Today, a day after the showcause notices were issued, an army headquarters source said he did not know why the Eastern Army commander had recommended such strong action (“termination of service”) against the military secretary because “we never owned the land and, therefore, there is no scam”.
What army headquarters’ spin meisters are conveniently ignoring is that the force was actually in the process of acquiring the land from the Bengal government because of security concerns. The Bengal government appreciated these concerns and had conveyed to the army that it was “favourably disposed” towards transferring the land.
The controversy relates to a “tea tourism” project to build villas and malls in an estate surrounded by army units. When construction was stopped, an “education” project was proposed to get around the ban.
The court of inquiry found that Agarwal had floated the Geetanjali Education Trust registered in Ghaziabad in 2001. “It has not functioned in a true sense and has constructed no school or college so far,” the report said. Agarwal was “reluctant to part with information regarding his companies”.
Yet, the 33 Corps headquarters entered into a memorandum of understanding (MoU) with him after deleting “Paragraph 17” of the draft. The report describes this clause as “the most potent” paragraph because it gave rights to the army to terminate the MoU “on security grounds”.
In their review of the case, the investigators reported that the Chumta Tea Estate spread over 2,711 acres was on a 33-year lease from the Bengal government. It is inside the Sukna military station and is surrounded by army units.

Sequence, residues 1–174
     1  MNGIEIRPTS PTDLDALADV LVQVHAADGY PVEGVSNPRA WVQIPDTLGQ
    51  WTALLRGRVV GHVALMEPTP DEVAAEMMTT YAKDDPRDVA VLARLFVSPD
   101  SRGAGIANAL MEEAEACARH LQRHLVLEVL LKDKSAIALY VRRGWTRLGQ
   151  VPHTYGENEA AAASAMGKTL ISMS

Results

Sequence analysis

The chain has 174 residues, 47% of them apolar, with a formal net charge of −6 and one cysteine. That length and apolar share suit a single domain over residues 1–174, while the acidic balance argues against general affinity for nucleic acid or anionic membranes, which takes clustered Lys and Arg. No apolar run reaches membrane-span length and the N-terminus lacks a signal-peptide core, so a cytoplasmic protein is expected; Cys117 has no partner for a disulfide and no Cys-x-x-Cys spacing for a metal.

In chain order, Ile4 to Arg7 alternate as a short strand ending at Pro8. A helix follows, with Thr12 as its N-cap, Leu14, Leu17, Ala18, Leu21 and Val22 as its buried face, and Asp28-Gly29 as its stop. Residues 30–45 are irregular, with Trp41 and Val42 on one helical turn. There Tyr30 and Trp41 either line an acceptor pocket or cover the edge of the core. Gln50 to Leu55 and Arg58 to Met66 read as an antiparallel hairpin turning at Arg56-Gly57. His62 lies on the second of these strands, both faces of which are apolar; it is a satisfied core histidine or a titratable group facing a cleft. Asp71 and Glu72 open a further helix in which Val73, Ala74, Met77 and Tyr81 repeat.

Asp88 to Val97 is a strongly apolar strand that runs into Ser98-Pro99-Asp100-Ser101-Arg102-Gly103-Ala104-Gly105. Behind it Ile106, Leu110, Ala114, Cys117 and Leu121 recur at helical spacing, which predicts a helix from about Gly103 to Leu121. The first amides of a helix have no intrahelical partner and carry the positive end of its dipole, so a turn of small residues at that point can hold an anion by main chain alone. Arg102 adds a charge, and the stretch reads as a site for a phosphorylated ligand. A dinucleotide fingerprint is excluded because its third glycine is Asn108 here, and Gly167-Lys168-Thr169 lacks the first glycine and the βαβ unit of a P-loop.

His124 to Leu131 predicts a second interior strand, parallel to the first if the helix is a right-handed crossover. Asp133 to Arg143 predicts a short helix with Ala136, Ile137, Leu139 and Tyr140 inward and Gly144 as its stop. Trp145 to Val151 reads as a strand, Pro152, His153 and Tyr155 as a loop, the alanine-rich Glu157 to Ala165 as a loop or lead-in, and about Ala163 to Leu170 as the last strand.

Of this land, nearly 72 acres were barren and was handed over to the Bengal government. The Bengal government in turn offered it on lease to four firms (Mata Vaishnodevi Mercantile Pvt Ltd, Sheetla Vyapaar Pvt Ltd, Akshara Vanijya Pvt Ltd and JF Low and Co Ltd) represented by S. Bajoria.
“The barren portion of 71.55 acres is enclosed like a lobe within the tea garden, with one side literally bordering the (33) Corps Headquarters,” the report said and pointed out that “the sensitivities of the Siliguri Corridor also necessitated that no civil construction be permitted in the close proximity of the Corps Headquarters”.
In February 2008, the army discovered in newspaper reports that the barren land was being developed for “tea tourism” and would include a film city, villas and malls. Then 33 Corps commander, Lt Gen. Deepak Raj, informed the Eastern Army commander and told the Bengal government’s chief secretary that all construction on the land must be stopped. The Bengal government agreed and gave the orders accordingly.